Working with MySql Indexes

Indexes are needed to improve the performance of SELECT queries. They can be defined with table creation and also created after table creation with CREATE INDEX and ALTER TABLE statements. If during optimization you find that an index is not useful then you can DROP them using DROP INDEX or ALTER TABLE statements.

 

Creating table with indexes

 
You can define table indexes while creating a table.

CREATE TABLE `employees`(
     `emp_id` int NOT NULL,
     `first_name` varchar(255) NOT NULL,
     `last_name` varchar(255)
     `profile_data` TEXT(5000),
     PRIMARY KEY (`emp_id`),
     INDEX `fname_idx` (`first_name`),
     FULLTEXT `profile_idx` (`profile_data`) )
ENGINE = InnoDB
DEFAULT CHARACTER SET = utf8
COLLATE = utf8_bin;

CREATE TABLE `employee_addresses`(
     `address_id` int NOT NULL AUTO_INCREMENT,
     `emp_id` int NOT NULL,
     `street` varchar(255) NOT NULL,
     `city` varchar(255),
     `country` varchar(100),
     `zipcode` varchar(20),
     PRIMARY KEY (`address_id`),
     CONSTRAINT `fk_emp_addresses` FOREIGN KEY `fk_emp_addresses` (`emp_id`)     REFERENCES `employees`(`emp_id`) ON DELETE CASCADE ON UPDATE CASCADE )
ENGINE = InnoDB
DEFAULT CHARACTER SET = utf8
COLLATE = utf8_bin;

CREATE TABLE `flowers`(
    `id` int NOT NULL AUTO_INCREMENT PRIMARY KEY,
    `name` int NOT NULL UNIQUE COMMENT 'Name of the flower',
    `details` TEXT(500) );

 

CREATE INDEX statement

 

CREATE INDEX statement enables you to add indexes to existing tables. It can be used to create Simple, UNIQUE, FULLTEXT, SPATIAL indexes for a table. It cannot be used to create a PRIMARY KEY.

Lets look at the examples:

1. Simple Index (Simple Index allows duplicate values in a table)

CREATE INDEX `index_name` ON `table_name` (`column_name`);

2. To create a Composite Index, specify multiple columns as shown below:

CREATE INDEX `index_name` ON `table_name` (`column_name1`, `column_name2`, ...);

3. You can also specify whether the column values will be indexed in ascending order or descending order as shown below:

CREATE INDEX `index_name` ON `table_name` (column_name1 ASC, column_name2 DESC, ...);

4. You can also specify the column lengths for creating indexes:

CREATE INDEX `index_name` ON `table_name` (column_name1(length), column_name2(length) DESC, ...);

5. To create a UNIQUE Index

CREATE UNIQUE INDEX `index_name` ON `table_name` (`column_name`);

6. Similarly you can create a FULLTEXT Index

CREATE FULLTEXT INDEX `index_name` ON `table_name` (`column_name`);

 

Using ALTER TABLE to add indexes

 

1. Adding a PRIMARY KEY

ALTER TABLE `table_name` ADD PRIMARY KEY (`column_name`);
ALTER TABLE `table_name` ADD CONSTRAINT `pk_symbol` PRIMARY KEY (`column_name`);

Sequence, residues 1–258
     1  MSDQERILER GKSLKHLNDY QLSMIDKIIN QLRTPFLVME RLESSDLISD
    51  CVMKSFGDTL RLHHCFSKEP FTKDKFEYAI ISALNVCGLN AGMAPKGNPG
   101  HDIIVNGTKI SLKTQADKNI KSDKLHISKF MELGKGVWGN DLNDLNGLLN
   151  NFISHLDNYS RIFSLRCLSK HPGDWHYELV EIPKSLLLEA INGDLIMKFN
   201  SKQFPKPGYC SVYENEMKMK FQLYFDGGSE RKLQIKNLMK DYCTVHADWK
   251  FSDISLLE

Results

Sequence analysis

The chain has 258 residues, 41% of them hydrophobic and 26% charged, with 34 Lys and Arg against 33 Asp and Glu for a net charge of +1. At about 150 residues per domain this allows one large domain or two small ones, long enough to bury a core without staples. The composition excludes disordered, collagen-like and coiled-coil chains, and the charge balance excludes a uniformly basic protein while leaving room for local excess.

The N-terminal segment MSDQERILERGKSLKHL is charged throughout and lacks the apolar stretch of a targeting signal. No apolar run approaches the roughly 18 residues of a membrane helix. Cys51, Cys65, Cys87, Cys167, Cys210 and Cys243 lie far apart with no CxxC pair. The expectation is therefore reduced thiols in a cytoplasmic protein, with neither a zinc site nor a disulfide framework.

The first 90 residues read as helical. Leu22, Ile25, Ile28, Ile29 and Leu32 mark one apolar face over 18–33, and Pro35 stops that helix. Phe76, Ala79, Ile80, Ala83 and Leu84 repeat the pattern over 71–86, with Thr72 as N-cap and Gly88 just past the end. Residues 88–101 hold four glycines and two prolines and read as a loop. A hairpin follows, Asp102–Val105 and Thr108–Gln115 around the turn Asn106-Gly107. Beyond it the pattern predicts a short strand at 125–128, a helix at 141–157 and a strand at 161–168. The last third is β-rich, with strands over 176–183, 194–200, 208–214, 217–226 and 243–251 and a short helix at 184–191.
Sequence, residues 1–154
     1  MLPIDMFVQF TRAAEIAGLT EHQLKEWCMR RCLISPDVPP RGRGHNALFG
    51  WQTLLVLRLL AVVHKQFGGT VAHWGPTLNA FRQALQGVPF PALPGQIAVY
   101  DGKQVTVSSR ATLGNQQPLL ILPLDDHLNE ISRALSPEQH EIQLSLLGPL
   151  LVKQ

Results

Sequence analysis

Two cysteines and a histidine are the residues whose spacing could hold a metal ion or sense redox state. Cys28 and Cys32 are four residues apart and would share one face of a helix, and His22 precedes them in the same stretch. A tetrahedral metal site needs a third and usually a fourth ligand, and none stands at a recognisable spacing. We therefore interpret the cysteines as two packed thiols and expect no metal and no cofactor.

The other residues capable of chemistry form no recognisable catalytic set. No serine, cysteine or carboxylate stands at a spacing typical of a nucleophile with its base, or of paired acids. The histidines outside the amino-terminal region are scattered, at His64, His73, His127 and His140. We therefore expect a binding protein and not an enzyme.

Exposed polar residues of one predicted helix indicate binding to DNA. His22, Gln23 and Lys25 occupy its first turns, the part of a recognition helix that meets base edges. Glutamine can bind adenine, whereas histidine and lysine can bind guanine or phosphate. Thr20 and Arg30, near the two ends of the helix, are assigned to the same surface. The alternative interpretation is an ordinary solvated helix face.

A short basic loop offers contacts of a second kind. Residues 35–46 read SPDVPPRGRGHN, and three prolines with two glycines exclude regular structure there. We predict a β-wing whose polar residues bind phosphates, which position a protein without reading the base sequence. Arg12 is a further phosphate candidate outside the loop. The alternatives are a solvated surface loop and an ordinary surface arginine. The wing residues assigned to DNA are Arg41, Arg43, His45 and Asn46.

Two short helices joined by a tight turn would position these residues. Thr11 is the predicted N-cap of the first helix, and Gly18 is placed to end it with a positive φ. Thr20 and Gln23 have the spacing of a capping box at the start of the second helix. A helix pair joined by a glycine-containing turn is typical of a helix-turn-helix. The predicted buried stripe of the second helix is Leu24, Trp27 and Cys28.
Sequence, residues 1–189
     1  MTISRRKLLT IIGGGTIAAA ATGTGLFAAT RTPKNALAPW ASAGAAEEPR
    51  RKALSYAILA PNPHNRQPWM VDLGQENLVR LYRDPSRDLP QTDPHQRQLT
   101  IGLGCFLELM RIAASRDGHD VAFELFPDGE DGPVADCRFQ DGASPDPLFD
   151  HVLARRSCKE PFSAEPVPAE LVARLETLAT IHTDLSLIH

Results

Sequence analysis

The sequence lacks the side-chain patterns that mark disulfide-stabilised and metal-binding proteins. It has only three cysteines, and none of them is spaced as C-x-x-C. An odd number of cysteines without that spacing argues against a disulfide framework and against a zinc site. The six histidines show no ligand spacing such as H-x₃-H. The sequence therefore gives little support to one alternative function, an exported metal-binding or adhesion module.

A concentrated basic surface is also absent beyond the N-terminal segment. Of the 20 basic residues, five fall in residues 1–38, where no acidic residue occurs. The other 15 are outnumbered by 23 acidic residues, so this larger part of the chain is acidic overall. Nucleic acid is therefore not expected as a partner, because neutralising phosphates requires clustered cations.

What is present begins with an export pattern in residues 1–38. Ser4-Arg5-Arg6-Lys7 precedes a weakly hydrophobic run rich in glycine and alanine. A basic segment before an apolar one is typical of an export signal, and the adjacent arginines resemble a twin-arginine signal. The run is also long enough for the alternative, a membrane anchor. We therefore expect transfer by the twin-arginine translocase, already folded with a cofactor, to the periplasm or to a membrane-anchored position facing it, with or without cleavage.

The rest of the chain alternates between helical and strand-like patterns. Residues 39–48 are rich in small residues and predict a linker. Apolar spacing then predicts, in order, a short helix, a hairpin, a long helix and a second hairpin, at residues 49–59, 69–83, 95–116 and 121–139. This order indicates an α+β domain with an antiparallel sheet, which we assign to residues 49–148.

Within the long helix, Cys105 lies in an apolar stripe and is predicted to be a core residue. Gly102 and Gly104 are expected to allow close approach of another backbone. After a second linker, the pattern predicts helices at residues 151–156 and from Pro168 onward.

2. Adding a UNIQUE KEY

ALTER TABLE table_name ADD UNIQUE KEY (column_name);
ALTER TABLE table_name ADD CONSTRAINT uk_symbol UNIQUE KEY index_name (column_name);

3. Adding a FULLTEXT INDEX

ALTER TABLE `table_name` ADD FULLTEXT INDEX (`column_name`);
ALTER TABLE `table_name` ADD FULLTEXT INDEX `index_name` (`column_name`);

4. Adding a FOREIGN KEY

ALTER TABLE `table_name` ADD FOREIGN KEY (`column_name`) REFERENCES `table_name_primary`(` key_name` );

ALTER TABLE `table_name` ADD CONSTRAINT `fk_symbol` FOREIGN KEY (`column_name`) `index_name` REFERENCES `table_name_primary`( `key_name` );

ALTER TABLE `table_name` ADD CONSTRAINT `fk_symbol` FOREIGN KEY (column_name1,column_name2,....) index_name REFERENCES `table_name_primary`( key_name1, key_name1, ... );

Note: In the referenced table, there must be an index where the referenced columns are listed as the first columns in the same order.

 

Deleting Indexes – Using DROP INDEX statement

 

1. Deleting PRIMARY KEY

DROP INDEX `PRIMARY` ON table_name;

To drop a primary key, the index name is always PRIMARY, which must be specified as a quoted identifier because PRIMARY is a reserved word.

2. To drop an index that is not a PRIMARY KEY, you must specify the index name.

DROP INDEX index_name ON table_name;

 

Deleting Indexes – Using ALTER TABLE statement

 

1. Deleting PRIMARY KEY

ALTER TABLE table_name DROP PRIMARY KEY;

2. Deleting FOREIGN KEY

ALTER TABLE table_name DROP FOREIGN KEY fk_symbol;

3. Deleting other indexes/keys

ALTER TABLE table_name DROP INDEX index_name;
ALTER TABLE table_name DROP KEY index_name;

Note: If you are unsure of the index name, use the following statement:

SHOW INDEX FROM table_name;

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